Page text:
Hopefully, all of us can relate to that humorous but accurate representation of how we tend to see the world.
The Lord certainly blessed me with wonderful, loving parents who taught me many things that have been instrumental in my life and in my business dealings and relationships. I thought I would share with you some of my father's sayings that have helped guide me and my business dealings over the years. I am not attributing authorship to him, but they have served me well in all of my endeavors. I hope they do the same for you.
"IF YOU SHOOT for the stars, you will hit the treetops. If you shoot for the treetops, you'll bite the dust." If you have any business experience or have ever played any type of organized sport, I am sure you have been indoctrinated into the science of goal-setting. Goals are supremely important in helping us achieve our endeavors. Many of the standard goal-setting techniques tell us goals should be measurable and achievable. But what does achievable mean? To most of us, I think it means smaller goals. I guess dad didn't want me to think small. His saying was a way to inspire me to strive to achieve big things, to be optimistic, to think bigger. So why think small when you can think big?
Let's say you set a goal to increase sales by 10 percent next year. Does that sound achievable? Maybe not in the current economic climate, but let's say we set that as our achievable goal. If we achieve it, great! But, just for the sake of argument, let's say the goal is to increase sales by 30 percent. That sounds much harder, but even if we only get halfway to our goal, we have still increased sales by 15 percent, which is better than the realistic goal we set of 10 percent. Eventually, if we keep moving in the direction of that goal, we will hit it!
Set some big goals for yourself.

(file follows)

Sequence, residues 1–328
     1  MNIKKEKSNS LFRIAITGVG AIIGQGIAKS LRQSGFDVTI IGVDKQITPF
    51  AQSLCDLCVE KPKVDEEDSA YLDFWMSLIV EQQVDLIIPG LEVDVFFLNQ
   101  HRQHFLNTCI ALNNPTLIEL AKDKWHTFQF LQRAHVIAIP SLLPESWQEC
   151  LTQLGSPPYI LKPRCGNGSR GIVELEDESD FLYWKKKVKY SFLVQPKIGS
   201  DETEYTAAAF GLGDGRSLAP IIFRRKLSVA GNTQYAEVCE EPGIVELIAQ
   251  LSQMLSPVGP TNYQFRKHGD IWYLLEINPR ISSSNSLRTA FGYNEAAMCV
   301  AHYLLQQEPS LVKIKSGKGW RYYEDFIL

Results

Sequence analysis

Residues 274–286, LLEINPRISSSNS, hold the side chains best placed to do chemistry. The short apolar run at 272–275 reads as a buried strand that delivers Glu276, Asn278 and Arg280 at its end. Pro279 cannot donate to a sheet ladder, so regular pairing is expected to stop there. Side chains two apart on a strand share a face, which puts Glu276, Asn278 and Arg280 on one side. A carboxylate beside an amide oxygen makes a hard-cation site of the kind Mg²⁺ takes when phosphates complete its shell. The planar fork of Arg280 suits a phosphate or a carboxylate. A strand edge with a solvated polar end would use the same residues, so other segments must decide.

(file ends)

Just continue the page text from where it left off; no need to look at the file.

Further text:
"YOU HAVE TO ask yourself, is the juice worth the squeeze?" This is my favorite quote from my father, and it has two distinct meanings. First, you need to ascertain whether the amount of effort expended on a task or project is worth the payoff.
Visualize someone squeezing an orange. If you have ever tried to make fresh orange juice for breakfast, you know what I mean. How much juice will you get? Minute Maid sure looks good after a few tries.
Some tasks, projects, clients, employees, etc., will just not be worth the effort. Some functions in your company that you must complete but are not core to your business are probably not worth the effort.
For example, I have clients that do their own payroll. Most rationalize that they have software that handles it for them and it doesn't take very long, etc. But in a small company, 90 percent of the time the payroll is handled by the owner or the owner's spouse. The business owner is also typically the company's No. 1 sales person or sales manager.
Wouldn't the owner be better served focusing on sales instead of stopping everything he is doing every week or two to get the payroll ready? Focus on the tasks that make you money and leave other tasks to someone else.
Just visualize someone squeezing an old orange, the kind where the juice is dried up. You can squeeze and squeeze and you will probably get some juice, but it sure takes a lot of effort.
Secondly, you should ask yourself, "What result do I expect to achieve from this effort, and do I even want this result?" If the result from a project or task does not move us in the direction of our overall goal, then don't do it.
"BY THE INCH, it's a cinch. By the yard, it's hard." When you are shooting for the stars, it can be easy to get overwhelmed at the scope of the project. Once the goal is set, it is important to break it down to the strategies and tactics needed to achieve the desired result. That way, the lofty goals are now in manageable pieces.
David Yezbak is the president of Sunbelt Business Brokers in Augusta and Columbia.